How To Collect Child Support In Georgia
If you were recently divorced and have minor children from your marriage, or if you have ended a relationship with your child’s other parent, you may be in a situation where you need to find out about how to collect child support because the other parent is not paying child support. Under Georgia law, both parents have an obligation to provide financial support for their children. Georgia uses an “income shares” model to calculate the total child support obligation for the child or children from the relationship, and then considers a variety of factors in determining how the parents will share the total child support obligation. Yet in some situations, one of the parents does not pay his or her child support obligation. How can you collect child support if your child’s other parent is not contributing? Our Atlanta child support lawyers can help.
Ensure You Have a Valid Child Support Order
First, you should ensure that there is a valid child support order in place. If you recently got divorced from your child’s other parent, the court will have entered a child support order as part of your divorce case. Any time there are minor children from the marriage when spouses are divorcing, the court will include child custody and child support as part of the divorce case. You can also get a court order for child support after you end a relationship with your child’s other parent even if you were never married. Child support may also be granted in child custody cases and family violence cases.
Determine if the Other Parent Should Still be Supporting Your Child
In order for the other parent to be responsible for child support for your child, your child cannot have graduated from high school, gotten married, or become emancipated. Generally speaking, Georgia law requires parents to pay child support until a child reaches the age of 18 (or until the child graduates from high school, up to the age of 20), gets married, or becomes emancipated. While you may have options for seeking unpaid child support, or arrears, for child support owed before the child turned 18 or another of the events noted above occurs, you will not be able to continue collecting new child support once one of those events occurs.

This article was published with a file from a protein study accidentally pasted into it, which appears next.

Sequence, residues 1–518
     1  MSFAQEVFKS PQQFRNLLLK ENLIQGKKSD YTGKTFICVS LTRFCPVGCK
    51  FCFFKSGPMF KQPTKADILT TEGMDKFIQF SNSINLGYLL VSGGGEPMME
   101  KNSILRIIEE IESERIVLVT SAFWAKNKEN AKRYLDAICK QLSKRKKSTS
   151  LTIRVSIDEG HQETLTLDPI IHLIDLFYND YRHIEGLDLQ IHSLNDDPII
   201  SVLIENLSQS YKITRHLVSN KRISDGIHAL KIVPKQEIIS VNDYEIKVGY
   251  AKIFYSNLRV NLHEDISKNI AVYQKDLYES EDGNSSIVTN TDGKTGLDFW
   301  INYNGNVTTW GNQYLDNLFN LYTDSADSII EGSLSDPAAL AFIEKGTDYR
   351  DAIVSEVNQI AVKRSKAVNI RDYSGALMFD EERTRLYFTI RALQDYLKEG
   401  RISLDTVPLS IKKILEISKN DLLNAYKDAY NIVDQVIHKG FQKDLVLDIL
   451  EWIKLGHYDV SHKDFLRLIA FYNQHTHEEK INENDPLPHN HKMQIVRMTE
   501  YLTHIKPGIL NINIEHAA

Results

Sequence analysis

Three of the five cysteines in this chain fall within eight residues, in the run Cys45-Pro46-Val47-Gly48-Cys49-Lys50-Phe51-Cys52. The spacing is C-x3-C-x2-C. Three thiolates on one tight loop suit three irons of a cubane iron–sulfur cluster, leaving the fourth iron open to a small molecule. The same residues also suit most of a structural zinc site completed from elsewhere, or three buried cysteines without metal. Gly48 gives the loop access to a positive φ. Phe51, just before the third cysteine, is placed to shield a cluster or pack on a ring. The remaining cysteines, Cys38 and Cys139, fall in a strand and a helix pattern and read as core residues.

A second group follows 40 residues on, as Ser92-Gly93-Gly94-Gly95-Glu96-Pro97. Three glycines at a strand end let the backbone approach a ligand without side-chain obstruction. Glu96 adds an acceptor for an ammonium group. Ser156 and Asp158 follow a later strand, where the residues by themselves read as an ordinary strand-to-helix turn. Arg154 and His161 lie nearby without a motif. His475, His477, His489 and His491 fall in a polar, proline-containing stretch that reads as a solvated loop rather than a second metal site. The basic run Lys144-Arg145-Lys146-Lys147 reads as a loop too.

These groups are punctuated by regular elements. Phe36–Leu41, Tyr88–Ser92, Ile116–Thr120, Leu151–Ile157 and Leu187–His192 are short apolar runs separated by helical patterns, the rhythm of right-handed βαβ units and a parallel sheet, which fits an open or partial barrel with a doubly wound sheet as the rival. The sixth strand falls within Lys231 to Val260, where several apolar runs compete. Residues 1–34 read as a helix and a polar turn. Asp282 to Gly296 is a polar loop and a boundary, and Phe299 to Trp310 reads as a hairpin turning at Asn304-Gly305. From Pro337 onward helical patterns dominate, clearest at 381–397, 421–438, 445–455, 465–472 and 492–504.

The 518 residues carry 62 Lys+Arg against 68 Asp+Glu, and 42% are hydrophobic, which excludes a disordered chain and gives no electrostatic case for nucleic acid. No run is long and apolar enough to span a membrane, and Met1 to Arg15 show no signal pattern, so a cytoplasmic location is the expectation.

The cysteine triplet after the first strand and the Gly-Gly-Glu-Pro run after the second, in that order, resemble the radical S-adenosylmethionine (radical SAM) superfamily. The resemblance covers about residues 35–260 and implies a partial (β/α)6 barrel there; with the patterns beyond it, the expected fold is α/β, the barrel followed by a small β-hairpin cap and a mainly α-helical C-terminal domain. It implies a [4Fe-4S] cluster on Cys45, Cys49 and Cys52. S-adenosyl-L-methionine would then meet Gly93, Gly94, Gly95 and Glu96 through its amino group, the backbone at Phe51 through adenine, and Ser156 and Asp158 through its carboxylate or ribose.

Income Deduction Orders
In Georgia, if you have a child support order and the other parent is not paying, you can seek an Income Deduction Order, which will result in the child support amount being withheld from the non-paying parent’s paycheck. You can seek an Income Deduction Order once a parent is behind in child support by one month’s payment.
Seek Child Support from the Non-Paying Parent’s Property
Depending upon the facts of the case, you may be able to make a claim against the non-paying parent’s property by getting a lien, or you may be able to garnish the non-paying parent’s bank account, benefits check, or tax refund.
Petition the Court
You can also petition the court to enforce your child support order. A court in Georgia may be able to hold the non-paying parent in contempt and may be able to take such actions as suspending the non-paying parent’s driver’s license until the child support is paid.
Contact Our Atlanta Child Support Attorneys
If you have questions about collecting child support, our child support lawyers in Atlanta can assist you. Contact Kaye, Lembeck, Hitt & French to learn more about how we can help.